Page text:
In January 2006, the plaintiff filed a document entitled " Detailed Complaint of Discrimination to the DoD Inspector General and the National Geospatial-Intelligence Agency" with the Department of Defense Inspector General and the Agency's Office of Diversity Management and Equal Employment Opportunity, followed

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by an amended complaint in October 2006, which included additional allegations (" Inspector General Complaint" ). Id. ¶¶ 111, 114, 124. In December 2006, the plaintiff received a response from the Inspector General indicating that no action was warranted based on the plaintiff's allegations, id. ¶ 127, id. Ex. F 1-2, which the plaintiff alleges was proceeded by a " perfunctory" investigation, id. ¶ 132.

The plaintiff instituted this action on July 2, 2009, and filed an amended complaint on June 20, 2011, nunc pro tunc to June 8, 2011, pursuant to the Court's oral ruling at a status conference. Count I of the amended complaint asserts that defendants Winston Beauchamp, David Scopp, Lauri Jo Litton, and Larry Stephens " retaliated [against him] for [his] lawful exercise to appeal his Performance Appraisal for [fiscal year 2005]" in violation of 5 U.S.C. § 2302(b)(9). Id. ¶¶ 163-167. Count II alleges a violation of Va.Code Ann. § 18.2-499 and § 18.2-500 by " all" defendants. Id. ¶¶ 168-71. Count III is brought against Mr. Beauchamp, Mr. Scopp, Ms. Litton, and Mr. Stephens for the common law tort of intentional infliction of emotional distress for their actions. Id. ¶¶ 172-79. Count IV is entitled " Tort of Maintaining a Hostile Work Environment," and is brought against Mr. Beauchamp, Mr. Scopp, Ms. Litton, and Mr. Stephens. Id. ¶¶ 180-81. As part of his requested relief, the plaintiff also seeks a writ of mandamus requiring the Department of Defense to require the Agency to (1) " perform a professional and th[o]rough investigation" of the allegations in the Inspector General Complaint, (2) " formally respond" to the plaintiff's appeal of his 2005 Performance Appraisal, and (3) " perform a proper EEO investigation." Id. ¶¶ 186-88. Finally, the plaintiff also alleges that the Agency has failed to provide him with documents that he requested pursuant to the FOIA. Id. ¶ 190.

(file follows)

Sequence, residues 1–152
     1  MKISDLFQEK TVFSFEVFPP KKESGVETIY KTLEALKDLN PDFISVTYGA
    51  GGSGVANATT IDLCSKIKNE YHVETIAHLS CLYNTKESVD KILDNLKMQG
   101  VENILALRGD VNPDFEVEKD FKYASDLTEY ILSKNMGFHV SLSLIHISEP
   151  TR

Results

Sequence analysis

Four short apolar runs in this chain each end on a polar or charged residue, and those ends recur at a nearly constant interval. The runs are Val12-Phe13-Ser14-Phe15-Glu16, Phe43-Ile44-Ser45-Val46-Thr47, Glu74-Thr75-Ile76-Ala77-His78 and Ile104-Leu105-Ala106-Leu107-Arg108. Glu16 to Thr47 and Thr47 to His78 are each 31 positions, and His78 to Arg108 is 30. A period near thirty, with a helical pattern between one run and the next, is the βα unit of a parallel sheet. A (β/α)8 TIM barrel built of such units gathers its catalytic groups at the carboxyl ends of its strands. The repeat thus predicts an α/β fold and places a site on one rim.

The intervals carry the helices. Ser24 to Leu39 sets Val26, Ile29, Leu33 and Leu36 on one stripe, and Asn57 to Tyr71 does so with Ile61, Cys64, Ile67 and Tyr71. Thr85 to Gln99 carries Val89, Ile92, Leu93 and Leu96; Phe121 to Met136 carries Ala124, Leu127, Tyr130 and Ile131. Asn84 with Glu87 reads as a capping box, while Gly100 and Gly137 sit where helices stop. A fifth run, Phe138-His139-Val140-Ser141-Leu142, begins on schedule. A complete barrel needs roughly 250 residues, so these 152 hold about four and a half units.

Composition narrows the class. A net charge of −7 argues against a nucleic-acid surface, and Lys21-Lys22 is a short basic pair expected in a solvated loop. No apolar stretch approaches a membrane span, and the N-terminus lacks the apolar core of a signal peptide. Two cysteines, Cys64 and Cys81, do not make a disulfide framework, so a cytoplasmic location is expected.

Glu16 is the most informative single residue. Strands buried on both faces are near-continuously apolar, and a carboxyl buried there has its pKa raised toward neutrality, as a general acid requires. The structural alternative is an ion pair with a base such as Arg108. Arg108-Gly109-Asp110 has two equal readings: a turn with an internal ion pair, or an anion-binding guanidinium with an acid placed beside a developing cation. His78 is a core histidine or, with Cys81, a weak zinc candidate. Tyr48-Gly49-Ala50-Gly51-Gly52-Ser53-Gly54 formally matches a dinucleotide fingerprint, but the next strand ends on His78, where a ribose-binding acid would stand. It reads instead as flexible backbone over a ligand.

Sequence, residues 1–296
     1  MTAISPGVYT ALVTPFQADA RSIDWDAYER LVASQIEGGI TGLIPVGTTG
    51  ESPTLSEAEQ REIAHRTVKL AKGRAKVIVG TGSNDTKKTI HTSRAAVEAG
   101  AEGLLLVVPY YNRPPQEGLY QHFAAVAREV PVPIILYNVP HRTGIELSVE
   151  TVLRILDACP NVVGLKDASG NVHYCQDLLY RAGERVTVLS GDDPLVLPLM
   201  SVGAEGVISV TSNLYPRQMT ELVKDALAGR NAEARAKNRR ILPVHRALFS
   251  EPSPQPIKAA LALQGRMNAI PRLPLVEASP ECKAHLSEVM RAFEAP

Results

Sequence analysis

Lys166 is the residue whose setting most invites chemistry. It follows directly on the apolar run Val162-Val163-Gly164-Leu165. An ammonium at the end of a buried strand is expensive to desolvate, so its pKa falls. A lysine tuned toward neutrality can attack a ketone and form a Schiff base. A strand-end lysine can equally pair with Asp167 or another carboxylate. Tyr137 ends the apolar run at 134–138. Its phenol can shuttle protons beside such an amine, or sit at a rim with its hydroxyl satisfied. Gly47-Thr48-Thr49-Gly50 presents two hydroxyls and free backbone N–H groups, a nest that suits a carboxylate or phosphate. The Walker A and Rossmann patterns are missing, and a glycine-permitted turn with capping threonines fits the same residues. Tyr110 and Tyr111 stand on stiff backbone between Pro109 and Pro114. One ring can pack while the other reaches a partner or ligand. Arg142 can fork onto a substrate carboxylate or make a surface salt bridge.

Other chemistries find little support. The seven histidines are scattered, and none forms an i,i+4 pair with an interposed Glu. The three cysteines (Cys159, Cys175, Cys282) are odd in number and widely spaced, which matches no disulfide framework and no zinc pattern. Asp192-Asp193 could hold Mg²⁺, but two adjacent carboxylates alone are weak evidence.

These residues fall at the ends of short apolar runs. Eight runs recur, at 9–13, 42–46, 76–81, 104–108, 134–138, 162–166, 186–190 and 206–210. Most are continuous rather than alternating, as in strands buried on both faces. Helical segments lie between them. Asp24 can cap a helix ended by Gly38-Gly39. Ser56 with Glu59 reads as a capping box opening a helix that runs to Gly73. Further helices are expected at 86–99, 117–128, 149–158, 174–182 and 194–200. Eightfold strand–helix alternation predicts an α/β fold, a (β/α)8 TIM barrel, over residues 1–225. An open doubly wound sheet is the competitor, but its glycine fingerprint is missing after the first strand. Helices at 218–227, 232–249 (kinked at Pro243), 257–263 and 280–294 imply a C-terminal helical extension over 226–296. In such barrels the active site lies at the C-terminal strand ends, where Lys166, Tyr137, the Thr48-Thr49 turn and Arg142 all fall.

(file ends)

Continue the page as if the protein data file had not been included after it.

The defendants have now moved for partial dismissal of the amended complaint, seeking dismissal of all claims except for those concerning the plaintiff's requests pursuant to the FOIA.

II. STANDARDS OF REVIEW

A. Rule 12(b)(1) Motion to Dismiss

When a defendant moves for dismissal under Rule 12(b)(1), " the plaintiff [ ] bear[s] the burden of proving by a preponderance of the evidence that the Court has subject matter jurisdiction." Biton v. Palestinian Interim Self-Gov't Auth., 310 F.Supp.2d 172, 176 (D.D.C.2004); see Lujan v. Defenders of Wildlife, 504 U.S. 555, 561, 112 S.Ct. 2130, 119 L.Ed.2d 351 (1992). A court considering a Rule 12(b)(1) motion must " assume the truth of all material factual allegations in the complaint and ‘ construe the complaint liberally, granting [a] plaintiff the benefit of all inferences that can be derived from the facts alleged.’ " Am. Nat'l Ins. Co. v. FDIC, 642 F.3d 1137, 1139 (D.C.Cir.2011) (quoting Thomas v. Principi, 394 F.3d 970, 972 (D.C.Cir.2005)). However, " the district court may consider materials outside the pleadings in deciding whether to grant a motion to dismiss for lack of jurisdiction." Jerome Stevens Pharm., Inc. v. FDA, 402 F.3d 1249, 1253 (D.C.Cir.2005) (citing Herbert v. Nat'l Acad. of Scis., 974 F.2d 192, 197 (D.C.Cir.1992)).

B. Rule 12(b)(6) Motion to Dismiss

A Rule 12(b)(6) motion tests whether the complaint " state[s] a claim upon which relief can be granted." Fed.R.Civ.P. 12(b)(6). " To survive a motion to dismiss [under Rule 12(b)(6) ], a complaint must contain sufficient factual matter, accepted as true, to ‘ state a claim to relief that is plausible on its face.’ "